Heat sealers: How to test and verify the sealing process

Feb. 23, 2021


 Our facility got a new heat sealer because our old one was delivering bad seals. What are the requirements for testing this new piece of equipment?


As we know, all medical equipment can fail. Ensuring every piece of equipment within a medical device reprocessing department is working properly is vital to reducing patient infections. A properly functioning heat seal is essential because a proper seal will allow the peel pouch to provide a sterile barrier for the items placed in that pouch.

There are two major types of heat sealers used in a medical device reprocessing department: (See Figure 1)

  • Push Bar Sealer - Impulse Sealers
  • Continuous Feed - Roto-Sealers
  • To achieve a proper seal, both types of sealers require three critical parameters to take place during the sealing process:
  • Temperature
  • Pressure
  • Dwell time

Thus, checking that these critical parameters are happening each time is essential and should be tested (monitored) to ensure a proper seal. Newer models of heat sealers display the temperature and some even have alarms if the temperature varies a few degrees from the set temperature to help ensure a proper seal  every time.

ANSI/AAMI has a few documents that we need to examine on verifying the seal on peel pouches. These documents are ISO/TS16775 and ISO 11607.

 In ANSI/AAMI ST79, there is support for risk assessment if any failures occur within the sterilization process. Failed seals on peel pouches are a significant concern, and a way to decrease this is to verify the heat sealer is properly functioning. Thus, having a process in place with a verification test for the sealing function would be part of the department’s Quality Management System (QMS) and help reduce sealing failures caused by an improperly working heat sealer.

ANS/AAMI ST90 outlines the QMS process and the requirements for Performance Qualification (PQ). This process is what the user performs on all their equipment to verify that equipment is working correctly (in this case, a heat sealer). PQ is also concerned with obtaining and documenting that the equipment, as installed and operated per procedures, consistently performs following predetermined criteria and yields product meeting its specifications (a proper seal).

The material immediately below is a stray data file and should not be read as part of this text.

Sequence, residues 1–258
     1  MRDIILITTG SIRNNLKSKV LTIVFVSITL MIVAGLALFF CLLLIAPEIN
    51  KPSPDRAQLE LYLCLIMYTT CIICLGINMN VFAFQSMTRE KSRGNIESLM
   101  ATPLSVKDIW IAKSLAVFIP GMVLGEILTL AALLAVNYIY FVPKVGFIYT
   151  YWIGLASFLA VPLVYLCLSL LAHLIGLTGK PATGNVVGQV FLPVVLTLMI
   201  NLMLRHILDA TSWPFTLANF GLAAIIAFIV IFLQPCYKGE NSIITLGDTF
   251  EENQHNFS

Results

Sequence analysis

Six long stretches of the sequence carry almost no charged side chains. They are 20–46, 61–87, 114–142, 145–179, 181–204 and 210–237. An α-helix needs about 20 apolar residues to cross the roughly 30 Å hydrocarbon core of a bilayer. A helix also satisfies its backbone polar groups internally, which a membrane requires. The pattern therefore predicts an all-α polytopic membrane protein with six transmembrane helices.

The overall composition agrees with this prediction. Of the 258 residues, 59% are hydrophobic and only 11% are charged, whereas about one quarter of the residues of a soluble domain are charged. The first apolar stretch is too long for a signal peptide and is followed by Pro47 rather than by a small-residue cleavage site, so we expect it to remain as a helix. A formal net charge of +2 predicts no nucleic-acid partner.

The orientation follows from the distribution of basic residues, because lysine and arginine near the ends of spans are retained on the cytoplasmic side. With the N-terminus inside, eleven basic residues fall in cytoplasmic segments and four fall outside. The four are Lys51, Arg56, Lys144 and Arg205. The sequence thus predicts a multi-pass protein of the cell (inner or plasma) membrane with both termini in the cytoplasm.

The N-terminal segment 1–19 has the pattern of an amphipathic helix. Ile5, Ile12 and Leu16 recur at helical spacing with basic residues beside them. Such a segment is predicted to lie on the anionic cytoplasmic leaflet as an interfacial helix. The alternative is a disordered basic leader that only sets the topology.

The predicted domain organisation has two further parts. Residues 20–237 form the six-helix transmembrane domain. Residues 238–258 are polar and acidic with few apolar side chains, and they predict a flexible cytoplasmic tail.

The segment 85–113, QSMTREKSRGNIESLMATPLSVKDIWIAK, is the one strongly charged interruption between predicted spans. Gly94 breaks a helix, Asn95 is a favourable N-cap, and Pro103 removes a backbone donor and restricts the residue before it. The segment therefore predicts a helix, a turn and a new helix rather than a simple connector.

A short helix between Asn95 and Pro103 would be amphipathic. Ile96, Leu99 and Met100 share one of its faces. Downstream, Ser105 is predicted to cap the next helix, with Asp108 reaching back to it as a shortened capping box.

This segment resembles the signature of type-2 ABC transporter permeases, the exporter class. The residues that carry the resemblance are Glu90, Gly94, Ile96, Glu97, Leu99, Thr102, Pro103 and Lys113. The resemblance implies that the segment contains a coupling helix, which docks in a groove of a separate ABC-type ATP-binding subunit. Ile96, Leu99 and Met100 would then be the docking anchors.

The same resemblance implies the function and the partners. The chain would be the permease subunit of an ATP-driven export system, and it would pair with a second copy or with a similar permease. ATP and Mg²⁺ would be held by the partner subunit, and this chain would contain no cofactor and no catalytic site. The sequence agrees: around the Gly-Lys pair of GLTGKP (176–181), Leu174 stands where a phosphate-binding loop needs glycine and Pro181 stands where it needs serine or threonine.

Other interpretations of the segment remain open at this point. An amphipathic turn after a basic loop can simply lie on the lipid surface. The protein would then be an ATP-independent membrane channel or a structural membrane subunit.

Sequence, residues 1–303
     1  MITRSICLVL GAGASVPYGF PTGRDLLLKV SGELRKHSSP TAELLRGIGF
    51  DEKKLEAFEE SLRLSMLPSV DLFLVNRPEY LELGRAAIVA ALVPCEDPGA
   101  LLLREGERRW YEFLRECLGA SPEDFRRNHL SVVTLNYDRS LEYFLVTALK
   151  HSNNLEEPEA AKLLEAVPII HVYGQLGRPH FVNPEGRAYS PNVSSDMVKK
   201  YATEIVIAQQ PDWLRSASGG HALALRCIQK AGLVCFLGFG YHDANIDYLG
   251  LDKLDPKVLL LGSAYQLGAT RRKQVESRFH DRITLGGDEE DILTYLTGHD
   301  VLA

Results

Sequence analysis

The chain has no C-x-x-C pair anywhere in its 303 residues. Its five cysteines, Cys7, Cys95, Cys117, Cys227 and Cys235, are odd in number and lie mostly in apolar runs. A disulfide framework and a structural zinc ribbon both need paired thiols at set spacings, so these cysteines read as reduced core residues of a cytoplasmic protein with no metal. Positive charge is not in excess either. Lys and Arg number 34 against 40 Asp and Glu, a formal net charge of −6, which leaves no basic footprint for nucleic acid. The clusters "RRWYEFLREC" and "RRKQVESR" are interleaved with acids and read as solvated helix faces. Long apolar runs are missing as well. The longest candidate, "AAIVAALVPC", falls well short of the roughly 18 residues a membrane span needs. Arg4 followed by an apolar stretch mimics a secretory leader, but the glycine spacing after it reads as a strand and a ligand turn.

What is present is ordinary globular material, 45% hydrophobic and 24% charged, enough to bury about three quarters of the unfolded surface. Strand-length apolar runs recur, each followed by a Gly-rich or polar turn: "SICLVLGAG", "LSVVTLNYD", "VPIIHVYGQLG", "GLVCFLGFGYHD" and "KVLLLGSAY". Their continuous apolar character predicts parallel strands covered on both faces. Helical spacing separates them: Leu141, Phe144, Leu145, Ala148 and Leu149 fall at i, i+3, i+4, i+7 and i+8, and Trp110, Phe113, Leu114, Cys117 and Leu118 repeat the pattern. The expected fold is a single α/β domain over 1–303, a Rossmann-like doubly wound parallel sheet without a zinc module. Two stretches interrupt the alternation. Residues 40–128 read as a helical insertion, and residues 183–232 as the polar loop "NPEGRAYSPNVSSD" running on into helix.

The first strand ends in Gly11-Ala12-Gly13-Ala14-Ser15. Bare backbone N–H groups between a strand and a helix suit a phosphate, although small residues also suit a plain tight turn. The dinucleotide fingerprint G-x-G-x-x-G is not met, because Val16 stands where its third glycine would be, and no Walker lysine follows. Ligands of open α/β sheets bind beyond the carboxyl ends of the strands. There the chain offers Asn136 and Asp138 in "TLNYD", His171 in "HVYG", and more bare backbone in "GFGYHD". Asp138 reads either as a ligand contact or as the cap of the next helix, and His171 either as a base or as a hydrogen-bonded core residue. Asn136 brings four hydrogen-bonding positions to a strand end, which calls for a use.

Next, we need to look at the standards of survey agencies, like The Joint Commission (TJC)  standard E.C.06.2, which states that medical equipment is maintained, tested and inspected. All equipment within a medical device reprocessing department is tagged by the facility’s biomedical engineering department, which puts those pieces of equipment into the facility’s medical device inventory. The inventory would then include heat sealers within the reprocessing department because they have been tagged. 

Within the TJC standard is Infection Control (IC) standard IC.02.02.01, which requires hospitals to reduce the risk of infections associated with medical equipment, devices, and supplies. Therefore, making sure a heat sealer works properly (providing a proper seal) fulfills this requirement. Remember that this process must be documented.

To determine if a heat sealer is working correctly, a medical device reprocessing department should institute a QMS for their heat sealer:


• Check-in process when the heat sealer arrives.


• Preventive maintenance program to ensure it is properly functioning and all work should be documented.

• Clinically relevant, evidence-based products for testing and verification of the seal:

°  Seal tests

°  Electrical testing

°  Other tests


• Independent testing and verification of the heat-sealing process using clinically relevant, evidence-based products is key to reducing unsterile surgical instruments and hospital infections.

°  Daily testing of equipment

°  If a poor seal exists, then no sterile barrier is provided by the peel pouch (i.e., ensuring proper sealing).

°  Staff training on use and testing of the heat sealer.

°  Documentation of training and test results.

The method discussed in the standards for seal verification testing is an Ink Pouch test or the Dye leak penetration test for the routine testing of peel pouch sealing seams as per ISO 11607-1 and ASTM F1929. This Ink Pouch test or the Dye leak penetration test will show any irregularities that occur (e.g., channels of ink in the seal are a sign of a poor sealing process) and become visible immediately after the single-use dye test pack. It is easy to use, and the process can be documented. (See Figure 2). There are specific dye tests for TYVEK and paper plastic pouches. 

Heat sealers do fail. Verifying your heat-sealing process with daily testing should be performed to help ensure a proper seal on peel pouches.

Many companies sell a dye test for heat sealers. Partner with a company that supports the idea of a QMS for testing your peel pouches and heat sealers. Ensuring your heat sealer provides the proper seal by simple daily verification tests fulfills the requirements outlined in the various standards presented and helps reduce the chance of a poorly sealed pouch and the possible risk of an unsterile medical device being used on a patient.